Monthly Archives: June 2014

Wash kit and nose plug test

We finally got hold of a wash kit for Tammy Norie’s engine. A wash kit allows the engine to be flushed through with water from a hose (cleaning out salt) and also allows the engine to be tested out of the water. This gave us an opportunity to test the nose plugs we made earlier that prevent fumes blowing back into the engine compartment and cockpit.

Thanks to Martin at Hendy Honda Marine who helped to identify the engine and found the part in a warehouse in Belgium, as well as putting together a nice spares kit.

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2014-06-30 · 19:53

Lifejacket test

We didn’t know the age or condition of the lifejackets we received with Tammy Norie, so it was time to test them. They passed and were still nicely inflated 24 hours later.

Thanks to Versatile Marine for their servicing video.

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2014-06-30 · 12:09

Boat stamp

Every boat needs a stamp, I think. I just got back from skippering in Sweden and found that Stamps Direct had delivered my order for Tammy Norie. They worked from custom Photoshop artwork I made and have excellent customer service.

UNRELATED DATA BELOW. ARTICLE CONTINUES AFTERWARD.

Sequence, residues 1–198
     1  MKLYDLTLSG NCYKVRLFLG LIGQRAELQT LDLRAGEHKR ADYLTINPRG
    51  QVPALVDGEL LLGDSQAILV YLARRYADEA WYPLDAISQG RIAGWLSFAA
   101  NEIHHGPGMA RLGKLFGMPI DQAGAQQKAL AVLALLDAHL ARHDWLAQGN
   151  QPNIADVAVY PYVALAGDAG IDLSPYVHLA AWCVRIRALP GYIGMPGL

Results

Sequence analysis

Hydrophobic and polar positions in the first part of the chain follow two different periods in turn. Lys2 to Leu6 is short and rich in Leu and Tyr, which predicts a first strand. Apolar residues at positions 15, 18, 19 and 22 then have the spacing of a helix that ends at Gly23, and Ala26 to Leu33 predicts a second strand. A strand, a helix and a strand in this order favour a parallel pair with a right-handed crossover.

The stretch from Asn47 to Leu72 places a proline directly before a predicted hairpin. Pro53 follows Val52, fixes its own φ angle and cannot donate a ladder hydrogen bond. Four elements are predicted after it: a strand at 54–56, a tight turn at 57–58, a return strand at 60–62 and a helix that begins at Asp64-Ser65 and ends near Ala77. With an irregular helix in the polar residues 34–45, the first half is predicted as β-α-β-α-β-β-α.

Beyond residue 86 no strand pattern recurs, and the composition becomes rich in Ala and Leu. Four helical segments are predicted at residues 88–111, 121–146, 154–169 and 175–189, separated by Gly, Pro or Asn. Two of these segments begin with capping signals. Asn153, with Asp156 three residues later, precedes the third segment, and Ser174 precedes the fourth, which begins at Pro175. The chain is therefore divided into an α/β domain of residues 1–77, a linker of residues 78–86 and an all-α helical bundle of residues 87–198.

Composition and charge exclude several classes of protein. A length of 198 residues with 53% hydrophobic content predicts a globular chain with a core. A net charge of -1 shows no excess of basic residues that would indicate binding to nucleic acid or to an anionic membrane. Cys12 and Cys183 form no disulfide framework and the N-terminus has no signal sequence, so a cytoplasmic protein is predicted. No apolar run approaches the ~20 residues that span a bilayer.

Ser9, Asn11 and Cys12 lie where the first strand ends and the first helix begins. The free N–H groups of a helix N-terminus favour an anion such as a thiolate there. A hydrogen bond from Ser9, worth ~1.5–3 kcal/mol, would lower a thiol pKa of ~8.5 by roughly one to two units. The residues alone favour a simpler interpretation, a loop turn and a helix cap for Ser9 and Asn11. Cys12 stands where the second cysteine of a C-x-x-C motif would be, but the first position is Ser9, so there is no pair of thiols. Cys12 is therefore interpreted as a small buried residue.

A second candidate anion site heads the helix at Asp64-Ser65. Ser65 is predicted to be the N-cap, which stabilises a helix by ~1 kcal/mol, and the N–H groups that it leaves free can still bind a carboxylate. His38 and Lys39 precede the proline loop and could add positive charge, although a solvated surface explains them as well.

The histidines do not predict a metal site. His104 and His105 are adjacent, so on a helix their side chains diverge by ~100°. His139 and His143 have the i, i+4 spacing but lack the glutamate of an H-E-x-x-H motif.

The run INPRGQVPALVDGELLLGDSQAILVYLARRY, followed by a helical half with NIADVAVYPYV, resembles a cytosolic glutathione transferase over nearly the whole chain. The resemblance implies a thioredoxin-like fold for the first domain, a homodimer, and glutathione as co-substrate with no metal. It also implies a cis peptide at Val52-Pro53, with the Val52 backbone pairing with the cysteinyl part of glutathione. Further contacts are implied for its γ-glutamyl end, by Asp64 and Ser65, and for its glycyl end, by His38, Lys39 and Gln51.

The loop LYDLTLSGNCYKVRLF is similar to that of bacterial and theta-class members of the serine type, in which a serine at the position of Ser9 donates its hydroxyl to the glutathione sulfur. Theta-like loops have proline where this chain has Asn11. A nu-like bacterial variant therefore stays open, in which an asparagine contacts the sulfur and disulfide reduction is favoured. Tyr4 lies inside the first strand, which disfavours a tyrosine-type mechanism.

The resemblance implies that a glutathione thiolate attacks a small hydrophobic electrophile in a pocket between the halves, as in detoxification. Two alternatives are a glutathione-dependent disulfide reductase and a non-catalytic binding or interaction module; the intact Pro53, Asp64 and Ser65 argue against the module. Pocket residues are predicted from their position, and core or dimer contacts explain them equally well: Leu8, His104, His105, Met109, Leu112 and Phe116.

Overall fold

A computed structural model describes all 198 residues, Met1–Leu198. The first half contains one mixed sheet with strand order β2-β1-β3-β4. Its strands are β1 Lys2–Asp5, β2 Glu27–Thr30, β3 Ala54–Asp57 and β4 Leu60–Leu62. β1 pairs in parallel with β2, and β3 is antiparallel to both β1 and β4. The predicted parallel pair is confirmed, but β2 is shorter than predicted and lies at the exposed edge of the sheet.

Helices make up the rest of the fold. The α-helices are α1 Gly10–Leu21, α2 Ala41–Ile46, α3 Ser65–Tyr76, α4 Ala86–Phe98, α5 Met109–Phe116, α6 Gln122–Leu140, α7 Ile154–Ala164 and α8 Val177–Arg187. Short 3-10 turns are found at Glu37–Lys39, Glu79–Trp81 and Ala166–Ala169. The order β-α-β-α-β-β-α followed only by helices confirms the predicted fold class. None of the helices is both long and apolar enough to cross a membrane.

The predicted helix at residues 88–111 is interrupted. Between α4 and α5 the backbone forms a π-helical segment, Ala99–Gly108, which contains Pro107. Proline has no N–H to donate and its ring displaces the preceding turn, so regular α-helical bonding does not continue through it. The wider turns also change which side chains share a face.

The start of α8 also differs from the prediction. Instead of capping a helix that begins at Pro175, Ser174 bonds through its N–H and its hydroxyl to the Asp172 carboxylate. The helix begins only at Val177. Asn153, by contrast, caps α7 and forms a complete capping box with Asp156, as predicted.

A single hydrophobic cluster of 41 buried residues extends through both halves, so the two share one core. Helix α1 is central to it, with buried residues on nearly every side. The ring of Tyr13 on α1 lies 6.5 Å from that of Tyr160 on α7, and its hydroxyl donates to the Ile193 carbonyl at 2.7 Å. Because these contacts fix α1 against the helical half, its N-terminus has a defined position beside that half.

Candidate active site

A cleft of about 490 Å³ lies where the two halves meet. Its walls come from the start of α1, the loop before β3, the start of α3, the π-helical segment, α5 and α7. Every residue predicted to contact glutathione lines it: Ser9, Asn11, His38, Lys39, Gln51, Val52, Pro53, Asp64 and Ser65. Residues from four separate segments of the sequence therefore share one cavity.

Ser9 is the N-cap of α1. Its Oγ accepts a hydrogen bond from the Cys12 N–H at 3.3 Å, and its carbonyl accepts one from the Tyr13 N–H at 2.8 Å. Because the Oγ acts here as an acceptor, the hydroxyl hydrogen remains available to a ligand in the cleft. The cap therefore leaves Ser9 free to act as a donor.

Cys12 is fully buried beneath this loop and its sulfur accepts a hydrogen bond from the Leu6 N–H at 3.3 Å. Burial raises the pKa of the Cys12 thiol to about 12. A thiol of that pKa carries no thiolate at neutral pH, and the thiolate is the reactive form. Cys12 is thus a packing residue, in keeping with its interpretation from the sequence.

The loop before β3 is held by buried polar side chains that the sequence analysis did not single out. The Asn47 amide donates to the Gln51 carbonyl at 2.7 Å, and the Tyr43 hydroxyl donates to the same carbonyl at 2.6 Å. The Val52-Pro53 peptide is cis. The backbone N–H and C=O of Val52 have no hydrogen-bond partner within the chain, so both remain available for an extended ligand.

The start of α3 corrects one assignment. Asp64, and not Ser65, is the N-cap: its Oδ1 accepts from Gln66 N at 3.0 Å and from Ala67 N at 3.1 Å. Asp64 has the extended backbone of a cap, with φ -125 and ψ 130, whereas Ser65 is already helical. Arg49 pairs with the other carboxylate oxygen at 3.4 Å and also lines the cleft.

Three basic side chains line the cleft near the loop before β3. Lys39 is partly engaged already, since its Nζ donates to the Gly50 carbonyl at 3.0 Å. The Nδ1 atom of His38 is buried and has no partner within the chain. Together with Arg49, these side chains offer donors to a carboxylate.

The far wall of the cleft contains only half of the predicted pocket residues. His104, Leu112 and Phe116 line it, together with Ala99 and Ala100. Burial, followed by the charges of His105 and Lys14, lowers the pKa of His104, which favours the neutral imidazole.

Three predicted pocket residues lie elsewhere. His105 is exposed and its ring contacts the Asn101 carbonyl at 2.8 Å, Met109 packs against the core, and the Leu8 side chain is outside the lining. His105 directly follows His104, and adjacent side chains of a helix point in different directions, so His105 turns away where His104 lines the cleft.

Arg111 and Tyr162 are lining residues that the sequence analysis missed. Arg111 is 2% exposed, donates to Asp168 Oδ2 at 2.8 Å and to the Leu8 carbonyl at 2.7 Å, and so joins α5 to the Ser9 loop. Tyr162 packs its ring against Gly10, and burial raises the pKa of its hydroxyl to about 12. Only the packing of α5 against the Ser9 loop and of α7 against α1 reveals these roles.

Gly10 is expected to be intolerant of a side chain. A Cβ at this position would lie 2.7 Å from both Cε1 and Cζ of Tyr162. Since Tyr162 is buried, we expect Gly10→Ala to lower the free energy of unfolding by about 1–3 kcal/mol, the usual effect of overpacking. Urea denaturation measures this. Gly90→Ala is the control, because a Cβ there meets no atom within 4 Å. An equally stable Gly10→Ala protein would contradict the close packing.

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2014-06-30 · 09:58

Mast raising demonstration

Raising the mast and sail now that the hinge has been reinforced.

This is an easy one-person job now, though I have yet to try it in the water. It would be much quicker than shown in the video if I wasn’t fiddling with the sail cover, too.

This video shows an experimental mast gallows made by crossing the oars with a bungie cord. It seems like a good way to keep the mast out of the way while travelling with it down.

30kg force is required to lift the mast when standing on the sliding hatch. I measured this with a 100kg spring balance I found in a hardware shop for £3 — very handy!

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2014-06-21 · 23:42

Early summer plans

The summer sailing plan for Tammy Norie is taking shape.

Firstly, I’m keeping an online calendar of plans that you can subscribe to if you like. The next few upcoming events will also appear on the side of this blog.

Next week I’ll be skippering a sailing trip in the Baltic with the Cambridge University Yacht Club, so Tammy Norie will have to wait in my parents driveway for a little longer.

Though I live in Cambridge I’m hoping to join the Fareham Sailing and Motorboat Club and moor Tammy Norie in Portsmouth Harbour. This is close to my family, offers sheltered sailing for my nephews and niece, and my uncle is already a member. I visited the club and very much liked the people but they don’t hold membership meetings very often and I’m having to be patient. I’m hoping we will sort out membership and mooring by September.